Monday, September 13, 2021

Middle Grade Monday: Two Roads, by Joseph Bruchac


Title: Two Roads
Author: Joseph Bruchac
Publication Info: 2018 Dial Books. 320 pages 
Source: Library digital resources
Publisher’s Blurb:
It's 1932, and twelve-year-old Cal Black and his Pop have been riding the rails for years after losing their farm in the Great Depression. Cal likes being a knight of the road with Pop, even if they're broke. But then Pop has to go to Washington, DC--some of his fellow veterans are marching for their government checks, and Pop wants to make sure he gets his due--and Cal can't go with him. So Pop tells Cal something he never knew before: Pop is actually a Creek Indian, which means Cal is too. And Pop has decided to send Cal to a government boarding school for Native Americans in Oklahoma called the Challagi School.

At school, the other Creek boys quickly take Cal under their wings. Even in the harsh, miserable conditions of the Bureau of Indian Affairs boarding school, he begins to learn about his people's history and heritage. He learns their language and customs. And most of all, he learns how to find strength in a group of friends who have nothing beyond each other.

My Review:
This was one of my random picks from the library's Overdrive catalog, but I knew that if Bruchac wrote it, it would be worth reading. Once again, he delivered, though I almost felt like things went too well in this book--it was kind of lacking the edge that comes of putting more obstacles in the characters' paths. That might be a criticism, but it might also be part of why I enjoyed reading the book just now: it wasn't too challenging. I was learning some more about a bit of US history that--like so many of the less savory parts--I knew something of, but was never more than vaguely alluded to in any class at school.

By setting the book in the 1930s, Bruchac was able to avoid the real horrors of the Indian schools (something that has been coming out, both about US and Canadian school, in recent years). He alludes to them, but when Cal attends Challagi the biggest difference between it and many other boarding schools at the time was the assumption that the Indian students couldn't really learn academics, a bit of racism that at least led to good training in farming.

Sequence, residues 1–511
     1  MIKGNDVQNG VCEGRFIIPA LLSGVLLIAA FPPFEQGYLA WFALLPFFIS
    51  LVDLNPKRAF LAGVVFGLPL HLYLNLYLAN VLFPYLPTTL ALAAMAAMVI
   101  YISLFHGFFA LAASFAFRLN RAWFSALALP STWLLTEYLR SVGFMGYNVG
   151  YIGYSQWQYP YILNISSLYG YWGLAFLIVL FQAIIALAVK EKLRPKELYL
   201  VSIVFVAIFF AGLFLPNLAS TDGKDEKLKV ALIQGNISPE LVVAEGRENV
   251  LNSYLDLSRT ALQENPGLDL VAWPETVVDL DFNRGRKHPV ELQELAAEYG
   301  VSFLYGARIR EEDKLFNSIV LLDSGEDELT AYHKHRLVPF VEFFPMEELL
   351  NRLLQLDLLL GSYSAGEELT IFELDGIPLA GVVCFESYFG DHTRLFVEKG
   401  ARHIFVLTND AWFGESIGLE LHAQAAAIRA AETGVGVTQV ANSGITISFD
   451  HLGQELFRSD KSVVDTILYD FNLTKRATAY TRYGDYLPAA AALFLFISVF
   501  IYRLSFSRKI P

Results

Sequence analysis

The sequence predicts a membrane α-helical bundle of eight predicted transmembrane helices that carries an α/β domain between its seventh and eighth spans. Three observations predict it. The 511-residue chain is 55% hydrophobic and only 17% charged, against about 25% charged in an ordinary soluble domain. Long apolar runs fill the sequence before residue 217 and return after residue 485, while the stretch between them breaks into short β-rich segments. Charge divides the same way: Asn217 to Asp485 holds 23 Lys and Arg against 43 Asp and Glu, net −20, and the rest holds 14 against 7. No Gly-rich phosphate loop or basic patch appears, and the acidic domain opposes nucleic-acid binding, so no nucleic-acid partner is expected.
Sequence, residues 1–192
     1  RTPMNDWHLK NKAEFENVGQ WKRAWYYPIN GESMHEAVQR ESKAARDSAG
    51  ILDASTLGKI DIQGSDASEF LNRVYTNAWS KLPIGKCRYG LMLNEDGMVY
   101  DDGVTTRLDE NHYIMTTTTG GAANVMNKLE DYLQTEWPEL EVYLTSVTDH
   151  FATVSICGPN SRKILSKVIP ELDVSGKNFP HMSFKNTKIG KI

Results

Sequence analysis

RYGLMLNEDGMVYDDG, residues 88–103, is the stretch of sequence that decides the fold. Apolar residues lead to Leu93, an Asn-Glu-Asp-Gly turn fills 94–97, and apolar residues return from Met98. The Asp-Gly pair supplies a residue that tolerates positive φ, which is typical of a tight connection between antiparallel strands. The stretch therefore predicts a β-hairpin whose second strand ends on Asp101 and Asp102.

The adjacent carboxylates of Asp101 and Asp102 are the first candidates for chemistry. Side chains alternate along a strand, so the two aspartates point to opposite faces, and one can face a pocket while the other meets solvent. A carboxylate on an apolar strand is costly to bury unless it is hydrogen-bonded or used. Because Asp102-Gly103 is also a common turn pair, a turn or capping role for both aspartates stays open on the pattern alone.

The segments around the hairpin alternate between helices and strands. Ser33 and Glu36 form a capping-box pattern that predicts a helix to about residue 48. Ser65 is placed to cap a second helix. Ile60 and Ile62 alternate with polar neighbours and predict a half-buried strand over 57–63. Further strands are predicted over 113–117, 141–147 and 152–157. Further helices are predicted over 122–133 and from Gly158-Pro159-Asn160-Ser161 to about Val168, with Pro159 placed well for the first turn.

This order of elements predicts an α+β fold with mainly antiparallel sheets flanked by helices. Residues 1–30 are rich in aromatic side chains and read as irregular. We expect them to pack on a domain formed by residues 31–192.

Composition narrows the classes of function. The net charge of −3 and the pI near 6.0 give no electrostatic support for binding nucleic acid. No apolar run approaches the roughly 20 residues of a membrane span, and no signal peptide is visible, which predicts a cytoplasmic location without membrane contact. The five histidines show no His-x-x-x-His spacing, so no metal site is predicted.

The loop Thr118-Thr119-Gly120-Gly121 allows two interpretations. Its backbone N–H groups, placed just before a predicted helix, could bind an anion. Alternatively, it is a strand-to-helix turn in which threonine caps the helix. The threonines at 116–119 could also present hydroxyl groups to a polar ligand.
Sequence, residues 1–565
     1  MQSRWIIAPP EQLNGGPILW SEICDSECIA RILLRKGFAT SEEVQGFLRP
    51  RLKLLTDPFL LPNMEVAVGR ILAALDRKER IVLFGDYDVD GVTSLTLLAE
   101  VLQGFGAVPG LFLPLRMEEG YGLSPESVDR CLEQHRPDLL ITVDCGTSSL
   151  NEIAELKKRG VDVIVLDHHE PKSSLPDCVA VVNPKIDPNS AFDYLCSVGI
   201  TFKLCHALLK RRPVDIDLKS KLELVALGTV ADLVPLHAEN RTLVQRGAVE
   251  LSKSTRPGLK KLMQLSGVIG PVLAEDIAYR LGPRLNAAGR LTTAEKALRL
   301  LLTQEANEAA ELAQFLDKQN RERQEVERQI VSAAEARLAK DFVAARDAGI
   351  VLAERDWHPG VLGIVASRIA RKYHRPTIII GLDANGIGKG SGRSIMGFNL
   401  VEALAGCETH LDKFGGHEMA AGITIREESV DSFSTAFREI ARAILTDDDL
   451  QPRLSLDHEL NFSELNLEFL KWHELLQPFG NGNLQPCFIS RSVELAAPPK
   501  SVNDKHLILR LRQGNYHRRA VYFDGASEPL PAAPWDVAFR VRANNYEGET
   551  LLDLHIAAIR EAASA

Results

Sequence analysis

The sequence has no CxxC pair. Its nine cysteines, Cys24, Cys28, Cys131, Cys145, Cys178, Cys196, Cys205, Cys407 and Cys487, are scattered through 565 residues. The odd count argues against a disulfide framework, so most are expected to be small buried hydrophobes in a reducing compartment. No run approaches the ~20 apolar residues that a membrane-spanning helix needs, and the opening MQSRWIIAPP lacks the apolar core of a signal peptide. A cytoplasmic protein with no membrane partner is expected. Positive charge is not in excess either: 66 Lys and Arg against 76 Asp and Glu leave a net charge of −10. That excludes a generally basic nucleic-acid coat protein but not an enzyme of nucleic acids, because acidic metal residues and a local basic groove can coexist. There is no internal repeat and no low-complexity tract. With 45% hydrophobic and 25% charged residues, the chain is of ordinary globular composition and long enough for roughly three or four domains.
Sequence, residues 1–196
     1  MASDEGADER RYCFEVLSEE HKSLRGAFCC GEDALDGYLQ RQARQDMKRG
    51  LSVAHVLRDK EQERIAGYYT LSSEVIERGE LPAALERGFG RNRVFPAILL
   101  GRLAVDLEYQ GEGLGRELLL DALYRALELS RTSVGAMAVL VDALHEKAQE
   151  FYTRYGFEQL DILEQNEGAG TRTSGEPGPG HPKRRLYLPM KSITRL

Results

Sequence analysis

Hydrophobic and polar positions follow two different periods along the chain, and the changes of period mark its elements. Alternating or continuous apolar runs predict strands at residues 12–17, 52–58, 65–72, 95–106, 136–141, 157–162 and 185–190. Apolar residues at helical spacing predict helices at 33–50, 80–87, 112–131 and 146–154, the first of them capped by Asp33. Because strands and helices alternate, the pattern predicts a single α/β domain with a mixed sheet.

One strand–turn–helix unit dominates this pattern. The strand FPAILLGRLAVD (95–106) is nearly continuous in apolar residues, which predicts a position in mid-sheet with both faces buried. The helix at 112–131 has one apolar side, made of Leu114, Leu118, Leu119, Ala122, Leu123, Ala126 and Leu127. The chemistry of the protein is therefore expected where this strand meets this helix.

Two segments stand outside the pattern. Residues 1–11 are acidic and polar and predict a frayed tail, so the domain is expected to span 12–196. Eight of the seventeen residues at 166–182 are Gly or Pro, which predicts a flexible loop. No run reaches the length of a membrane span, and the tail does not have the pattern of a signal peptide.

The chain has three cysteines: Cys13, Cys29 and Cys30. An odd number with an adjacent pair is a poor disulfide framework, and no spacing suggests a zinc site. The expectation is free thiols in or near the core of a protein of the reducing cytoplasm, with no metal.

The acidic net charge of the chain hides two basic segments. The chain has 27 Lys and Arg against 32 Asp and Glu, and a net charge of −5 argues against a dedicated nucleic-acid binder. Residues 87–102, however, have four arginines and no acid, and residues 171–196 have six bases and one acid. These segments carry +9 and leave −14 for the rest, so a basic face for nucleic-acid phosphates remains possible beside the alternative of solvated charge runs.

The parts of the book set "on the road" were interesting, though again I wondered if they were presented in a bit too positive a light. Bruchac does make reference to the many men out there who were anything but "knights of the road," and the dangers faced especially by a boy alone. The more romantic view is perhaps that of Cal himself.

In the end, the story worked for me. I cared deeply about Cal and his journeys, both literal and metaphorical, as he learns about his own Creek heritage and what that can mean--including the very good reasons why his father had chosen to "pass" as white.

My Recommendation:
An enjoyable read, not too challenging but still good for opening the eyes about issues of race and justice, with a very relatable main character in Cal. Suitable for younger kids than many of Bruchac's works; I would say about 9 and up, at least with some guidance/discussion of some of the history.

FTC Disclosure: I borrowed an electronic copy of Two Roads from my library, and received nothing from the author or the publisher in exchange for my honest review. The opinions expressed are my own and those of no one else. I am disclosing this in accordance with the Federal Trade Commission's 16 CFR, Part 255: "Guides Concerning the Use of Endorsements and Testimonials in Advertising.”   

 ©Rebecca M. Douglass, 2021
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  1. I read your review when I first woke this morning and forgot to follow up, sorry. Interesting about the approach to the lighter side of the potential horrors. But you make it sound like it's not whitewash, just sensitive to the needs of the younger reader. I'd be tempted to add it to my list if it wasn't for all the other books on it.

    1. Put the author on your list of people to read when you don't know what to read :)


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